A few months ago, Frank Kent Motor Co. in Fort Worth announced that it had purchased an 8,000-square-foot building at the northeast corner of Magnolia Avenue and Adams Street on the city’s near south side, but wouldn’t say why.
Now we know.
According to plans filed with the city, Will Churchill and Corrie Watson, Frank Kent Motor’s owners, will transform the nondescript building at 1101 W. Magnolia Ave. into a two-story wine bar called Kent & Co. Wines.
A rendering with the plans shows a car in a showroom-like setting in the northwest corner of the building, , and a kitchen, bar and seating areas on the first floor. A brick valet area will be added to the west side of the building with a breezeway to the main structure, and a covered attached patio for seating will be built on the east side of the structure, the plans show.
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The project is scheduled to be presented to the Historic and Cultural Landmarks Commission Monday, Jan. 13. Fort Worth South, the nonprofit south side development district, and Fairmount Neighborhood Association, support the project, according to the filing.
Frank Kent Motor, founded in 1935 by Frank Kent, is now run by his great-grandchildren. It sells Hondas and Cadillacs.
Archbishop of Canterbury
takes on payday lending
In Texas, Fort Worth-based Cash America has its local state senator (and governor hopeful) Wendy Davis aggressively attacking its payday lending practices.
But that pales in comparison to what Quick Quid, Cash America’s payday unit in Britain, is facing: the Archbishop of Canterbury, the spiritual head of millions of Anglicans, known in the U.S. as Episcopalians.
This is no ordinary cleric. The Most Reverend Justin Welby was a senior oil industry executive before changing careers. Today, he also is a member of the U.K. parliamentary commission on banking standards.
Welby has lashed out at Quick Quid and its homegrown rivals like Wonga (slang for “money”), saying their high rates of interest create a spiral of debt. Not only has he attacked the lenders, he has offered credit unions space on church property to make low-interest loans.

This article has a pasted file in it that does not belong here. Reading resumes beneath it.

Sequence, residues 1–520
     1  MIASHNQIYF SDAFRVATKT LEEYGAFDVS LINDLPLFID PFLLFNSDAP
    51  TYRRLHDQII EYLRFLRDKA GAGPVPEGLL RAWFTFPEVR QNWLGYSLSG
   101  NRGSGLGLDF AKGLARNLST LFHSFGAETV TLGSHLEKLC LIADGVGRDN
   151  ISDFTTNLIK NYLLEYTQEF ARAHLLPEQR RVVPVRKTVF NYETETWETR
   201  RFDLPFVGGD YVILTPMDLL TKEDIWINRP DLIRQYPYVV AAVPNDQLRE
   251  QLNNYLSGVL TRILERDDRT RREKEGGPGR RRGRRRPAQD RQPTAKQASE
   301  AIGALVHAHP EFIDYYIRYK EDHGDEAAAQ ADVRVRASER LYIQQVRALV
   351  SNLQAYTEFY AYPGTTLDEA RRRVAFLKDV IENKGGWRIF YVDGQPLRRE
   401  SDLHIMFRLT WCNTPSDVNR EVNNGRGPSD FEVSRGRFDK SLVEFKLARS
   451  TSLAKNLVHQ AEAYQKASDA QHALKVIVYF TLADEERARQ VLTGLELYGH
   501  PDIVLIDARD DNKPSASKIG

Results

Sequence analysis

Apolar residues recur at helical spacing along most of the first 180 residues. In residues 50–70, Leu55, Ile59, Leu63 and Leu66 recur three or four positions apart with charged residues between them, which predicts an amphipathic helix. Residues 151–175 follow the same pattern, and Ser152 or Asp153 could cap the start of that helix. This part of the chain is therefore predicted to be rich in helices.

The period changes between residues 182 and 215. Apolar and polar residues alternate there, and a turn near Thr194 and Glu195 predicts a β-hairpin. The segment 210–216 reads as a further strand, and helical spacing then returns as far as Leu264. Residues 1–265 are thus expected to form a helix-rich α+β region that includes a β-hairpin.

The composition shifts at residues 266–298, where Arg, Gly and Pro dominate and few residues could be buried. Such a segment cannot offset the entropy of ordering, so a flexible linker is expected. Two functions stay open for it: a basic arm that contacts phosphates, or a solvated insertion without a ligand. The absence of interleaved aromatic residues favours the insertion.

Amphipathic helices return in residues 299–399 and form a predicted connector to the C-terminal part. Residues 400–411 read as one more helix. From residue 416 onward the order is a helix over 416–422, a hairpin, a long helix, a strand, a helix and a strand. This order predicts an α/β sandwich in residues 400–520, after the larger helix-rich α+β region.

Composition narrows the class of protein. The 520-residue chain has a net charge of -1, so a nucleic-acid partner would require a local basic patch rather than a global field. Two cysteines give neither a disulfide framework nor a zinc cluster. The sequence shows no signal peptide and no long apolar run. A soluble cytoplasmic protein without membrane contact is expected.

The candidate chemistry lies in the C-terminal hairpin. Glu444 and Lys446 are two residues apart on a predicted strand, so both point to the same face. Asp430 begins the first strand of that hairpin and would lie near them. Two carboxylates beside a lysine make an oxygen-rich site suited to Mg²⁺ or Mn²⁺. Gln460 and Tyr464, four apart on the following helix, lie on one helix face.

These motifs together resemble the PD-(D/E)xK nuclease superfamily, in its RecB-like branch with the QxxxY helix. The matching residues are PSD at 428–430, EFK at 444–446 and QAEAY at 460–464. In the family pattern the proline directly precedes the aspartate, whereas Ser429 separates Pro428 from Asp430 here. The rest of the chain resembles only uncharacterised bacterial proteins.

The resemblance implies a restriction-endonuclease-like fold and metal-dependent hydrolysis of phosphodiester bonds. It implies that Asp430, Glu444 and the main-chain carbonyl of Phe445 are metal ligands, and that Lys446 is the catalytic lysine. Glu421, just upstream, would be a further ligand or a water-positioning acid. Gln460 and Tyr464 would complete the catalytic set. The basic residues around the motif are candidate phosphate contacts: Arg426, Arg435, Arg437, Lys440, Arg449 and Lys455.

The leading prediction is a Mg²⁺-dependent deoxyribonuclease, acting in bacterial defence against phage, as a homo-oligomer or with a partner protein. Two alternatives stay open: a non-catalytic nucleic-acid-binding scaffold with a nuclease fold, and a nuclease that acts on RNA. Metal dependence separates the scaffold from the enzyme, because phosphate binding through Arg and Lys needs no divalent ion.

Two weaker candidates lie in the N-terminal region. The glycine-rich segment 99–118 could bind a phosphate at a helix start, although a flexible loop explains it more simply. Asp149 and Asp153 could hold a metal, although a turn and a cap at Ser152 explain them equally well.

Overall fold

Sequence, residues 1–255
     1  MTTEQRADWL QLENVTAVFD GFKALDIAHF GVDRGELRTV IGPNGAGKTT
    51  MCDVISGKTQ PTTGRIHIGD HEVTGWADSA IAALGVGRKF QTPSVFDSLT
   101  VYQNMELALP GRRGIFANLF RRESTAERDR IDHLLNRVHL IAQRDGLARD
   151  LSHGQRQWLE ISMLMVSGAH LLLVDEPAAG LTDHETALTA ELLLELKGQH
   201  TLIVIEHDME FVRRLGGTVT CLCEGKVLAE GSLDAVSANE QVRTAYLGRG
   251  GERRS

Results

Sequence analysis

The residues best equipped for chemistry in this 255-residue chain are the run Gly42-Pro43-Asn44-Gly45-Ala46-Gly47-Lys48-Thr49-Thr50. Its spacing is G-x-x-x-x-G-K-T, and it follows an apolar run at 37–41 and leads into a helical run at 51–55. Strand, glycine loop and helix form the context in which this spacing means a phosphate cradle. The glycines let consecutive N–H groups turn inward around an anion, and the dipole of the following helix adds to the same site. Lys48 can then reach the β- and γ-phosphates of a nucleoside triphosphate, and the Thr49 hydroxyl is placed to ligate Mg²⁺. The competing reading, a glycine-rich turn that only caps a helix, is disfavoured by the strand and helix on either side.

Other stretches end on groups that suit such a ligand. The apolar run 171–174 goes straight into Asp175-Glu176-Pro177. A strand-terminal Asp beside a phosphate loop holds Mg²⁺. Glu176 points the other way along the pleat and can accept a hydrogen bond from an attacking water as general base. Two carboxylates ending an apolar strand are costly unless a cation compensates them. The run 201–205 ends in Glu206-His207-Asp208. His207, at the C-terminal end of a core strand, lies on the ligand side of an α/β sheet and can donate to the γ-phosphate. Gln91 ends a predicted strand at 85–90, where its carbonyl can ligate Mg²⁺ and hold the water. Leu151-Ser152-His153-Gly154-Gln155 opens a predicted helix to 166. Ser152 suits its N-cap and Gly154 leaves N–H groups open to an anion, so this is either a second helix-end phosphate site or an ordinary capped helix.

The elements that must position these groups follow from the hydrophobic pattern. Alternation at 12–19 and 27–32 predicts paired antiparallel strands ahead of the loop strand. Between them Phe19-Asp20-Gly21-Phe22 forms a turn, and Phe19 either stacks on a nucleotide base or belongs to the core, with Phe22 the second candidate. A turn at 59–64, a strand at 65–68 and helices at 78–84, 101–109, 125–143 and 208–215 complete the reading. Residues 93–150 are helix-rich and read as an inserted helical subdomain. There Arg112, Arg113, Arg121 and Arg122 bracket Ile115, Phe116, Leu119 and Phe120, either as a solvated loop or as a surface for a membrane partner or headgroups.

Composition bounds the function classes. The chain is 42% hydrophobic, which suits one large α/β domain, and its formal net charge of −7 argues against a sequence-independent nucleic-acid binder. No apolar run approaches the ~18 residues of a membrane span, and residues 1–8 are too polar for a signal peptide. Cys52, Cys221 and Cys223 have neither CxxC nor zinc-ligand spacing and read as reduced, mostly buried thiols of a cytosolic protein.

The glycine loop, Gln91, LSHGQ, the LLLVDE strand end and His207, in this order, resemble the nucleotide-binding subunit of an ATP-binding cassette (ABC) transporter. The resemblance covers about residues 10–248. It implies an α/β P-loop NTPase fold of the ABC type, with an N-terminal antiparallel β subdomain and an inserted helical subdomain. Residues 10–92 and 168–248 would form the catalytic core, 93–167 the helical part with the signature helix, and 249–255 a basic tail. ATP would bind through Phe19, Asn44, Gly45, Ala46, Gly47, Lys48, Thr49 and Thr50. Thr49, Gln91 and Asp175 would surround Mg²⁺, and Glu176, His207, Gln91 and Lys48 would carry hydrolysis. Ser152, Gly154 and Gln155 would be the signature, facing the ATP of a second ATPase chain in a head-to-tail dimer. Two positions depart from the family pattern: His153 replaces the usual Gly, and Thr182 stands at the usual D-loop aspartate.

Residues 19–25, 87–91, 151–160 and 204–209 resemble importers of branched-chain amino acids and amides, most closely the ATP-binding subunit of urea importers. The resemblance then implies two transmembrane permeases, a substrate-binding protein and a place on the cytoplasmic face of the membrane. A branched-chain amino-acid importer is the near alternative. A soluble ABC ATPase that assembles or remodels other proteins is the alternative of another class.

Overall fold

In an interview, Welby said he told the head of Wonga: “We’re not in the business of trying to legislate you out of existence, we’re trying to compete you out of existence.”
In Cash America’s last quarterly report, the lender made no mention of Welby, but disclosed it was beginning to feel the heat from banking reform proposals.
It warned investors that if certain proposed regulations are adopted, Quick Quid would have to change its collection process, possibly resulting in lower amounts and fewer customers approved for loans. The provisions, which will be finalized early this year and enforced from April 1, would likely raise Cash America’s compliance costs in the UK, the company added.
If nothing else, the Fort Worth firm might take comfort in recent discomfort felt by its arch-critic, the Archbishiop of Canterbury, whose church claims to have an ethical investment policy.
Welby, in an interview with BBC radio, confirmed that the Church of England still has $124,000 indirectly invested in Wonga through Accel Partners, a U.S. venture capital firm. He admitted he was “embarrassed” and “irritated” by the revelations, London’s The Independent reported.
Last week, Davis called on a vice president of Cash America to step down as chairman of the Texas Finance Commission, a state watchdog commission that oversees lending institutions.